One Of The World's Premier Film Festivals Is Coming To Los Angeles
A 360 view of the 69th Locarno Film Festival in Locarno, Switzerland. (Photo by Vittorio Zunino Celotto/Getty Images)
By Carman Tse
For a city whose legacy is largely shaped by the movies, Los Angeles has been lacking in an internationally-renowned film festival. Yes, there's the yearly AFI FEST—but the meat of their slate is largely Cannes retreads. This spring, however, one of the world's oldest and most respected festivals makes its way to L.A.
In April, the roving Acropolis Cinema will collaborate with Switzerland's Locarno Festival for a weekend of screenings in downtown. Ten films, which first premiered at Locarno's Pizza Grande in August and will make their Los Angeles debuts, will screen at the Downtown Independent Cinema as part of Locarno in Los Angeles.
"For me Locarno is unmatched in terms of its unmatched scope of cinema, its youthful energy, and discovering filmmakers that really matter," Robert Koehler, co-artistic director of Locarno in Los Angeles, said at a press conference announcing the event.
And while Locarno isn't as prestigious as fellow festivals at Cannes, Venice or Berlin, it has made a name for itself by breaking from the pack and serving as the gatekeeper for the future of cinema.
The first iteration of the Locarno Film Festival took place in 1946, making it the first international film festival to take place after the Second World War. "Locarno, a Swiss resort, asserted its neutral position when postwar costs constrained Cannes and Venice," writes Cindy H. Wong in Film Festivals: Culture, People, and Power on the Global Screen. Among the notable films in the Locarno's debut lineup include the Billy Wilder classic Double Indemnity, Sergei Eisenstein's Ivan the Terrible, and Roberto Rossellini's Rome, Open City, the first major Italian film made after the war and the breakthrough of the Italian neorealism.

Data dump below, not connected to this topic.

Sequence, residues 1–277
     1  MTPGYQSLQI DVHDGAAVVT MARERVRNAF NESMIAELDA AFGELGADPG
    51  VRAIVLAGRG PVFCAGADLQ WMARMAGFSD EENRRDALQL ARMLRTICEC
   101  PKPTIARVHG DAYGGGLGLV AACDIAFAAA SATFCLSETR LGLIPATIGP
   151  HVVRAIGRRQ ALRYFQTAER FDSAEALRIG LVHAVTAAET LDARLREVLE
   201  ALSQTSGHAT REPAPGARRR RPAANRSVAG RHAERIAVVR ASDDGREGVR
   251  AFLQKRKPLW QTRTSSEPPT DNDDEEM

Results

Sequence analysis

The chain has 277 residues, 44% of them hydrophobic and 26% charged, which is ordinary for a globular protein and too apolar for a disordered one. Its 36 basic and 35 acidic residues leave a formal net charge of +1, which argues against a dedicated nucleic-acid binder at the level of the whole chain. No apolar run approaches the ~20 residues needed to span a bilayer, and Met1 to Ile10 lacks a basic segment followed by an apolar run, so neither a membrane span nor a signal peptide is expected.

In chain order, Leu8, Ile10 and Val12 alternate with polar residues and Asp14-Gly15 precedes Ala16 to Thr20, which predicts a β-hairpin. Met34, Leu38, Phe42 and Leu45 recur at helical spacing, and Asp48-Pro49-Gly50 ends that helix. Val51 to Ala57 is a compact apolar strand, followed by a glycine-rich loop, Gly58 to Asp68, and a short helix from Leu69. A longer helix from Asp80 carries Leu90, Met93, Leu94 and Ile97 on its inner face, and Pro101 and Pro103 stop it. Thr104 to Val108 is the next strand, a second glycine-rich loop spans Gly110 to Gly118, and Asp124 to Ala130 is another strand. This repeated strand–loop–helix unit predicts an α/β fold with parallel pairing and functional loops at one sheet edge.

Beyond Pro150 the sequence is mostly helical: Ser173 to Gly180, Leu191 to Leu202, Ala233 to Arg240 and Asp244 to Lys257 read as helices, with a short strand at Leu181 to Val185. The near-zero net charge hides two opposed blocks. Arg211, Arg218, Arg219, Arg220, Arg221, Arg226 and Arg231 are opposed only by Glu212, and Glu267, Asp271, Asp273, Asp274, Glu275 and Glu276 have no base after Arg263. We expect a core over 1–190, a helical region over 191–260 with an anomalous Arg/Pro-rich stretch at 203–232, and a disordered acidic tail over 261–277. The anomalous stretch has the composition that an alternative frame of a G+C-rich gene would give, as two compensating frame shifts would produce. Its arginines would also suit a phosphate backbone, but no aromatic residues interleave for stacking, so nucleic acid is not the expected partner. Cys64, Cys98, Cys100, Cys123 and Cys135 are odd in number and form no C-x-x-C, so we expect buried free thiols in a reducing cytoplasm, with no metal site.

In the decades to follow, Locarno would break from its fellow festivals and become a showcase of not just the state of cinema in the present, but also in the future and of its past. It became one of the first European festivals to host retrospective series on cinematic icons, and it has honed its general focus to be a harbinger of emerging voices and national cinemas. The festival paved the way for rise of Chinese-language cinema in 1985 by showing Chen Kaige's Yellow Earth (the first Mainland Chinese film to screen at a European festival) as well as Hou Hsiao-hsien's A Summer at Grandpa's (marking the arrival of the Taiwanese New Wave). Other filmmakers whose careers are indebted to debuting and even winning a prize at Locarno include the recently-departed Iranian legend Abbas Kiarostami, Jim Jarmusch, Spike Lee, Béla Tarr and Gus Van Sant.
Each of the ten films at Locarno in Los Angeles will make their Southern California debut in April and will also likely not screen here beyond the event. Acropolis Cinema founder and Locarno in Los Angeles programmer Jordan Cronk told LAist that the goal was to screen films that would be unlikely receive distribution in Los Angeles—a particular challenge for high-minded arthouse titles in this city. Highlights include the Serbian film All Cities of the North, which Koehler called a "revolutionary film without precedent" and proclaimed his favorite film of 2016, Hermia & Helena by Argentinian enfant terrible Matías Piñerio, and Scarred Hearts by Romanian New Wave mainstay Radu Jude. The centerpiece event of the program is a screening of the American documentary Rat Film, which uses the titular pests to explore the history of race and class divisions in the city of Baltimore. Rat Film director Theo Anthony will be in attendance for the screening, and Cronk and Koehler say more filmmakers are scheduled to be in attendance.
The festival team at a press conference Monday. (Photo via Acropolis Cinema)
At a time when it feels like larger forces are trying to close off society to the rest of the world, events like Locarno in Los Angeles remain vital to ensure the exchange of art and ideas between international cultures. "When you consider that the festival is covering in just three days no less than four major young Latin American filmmakers, experimental non-fiction about everything from American urban development to Arab culture in the high-tech age, important and yet under-seen European filmmakers like Angela Schanelec and Radu Jude, and incredible breakthrough works from such disparate nations as Bosnia and Japan," says Koehler, "audiences are in for quite an experience this April."
Carman Tse is a diehard Giants fan living in Los Angeles as well as a freelance arts and culture writer and former editor-in-chief at LAist. Follow him on Twitter at @CarmanTse.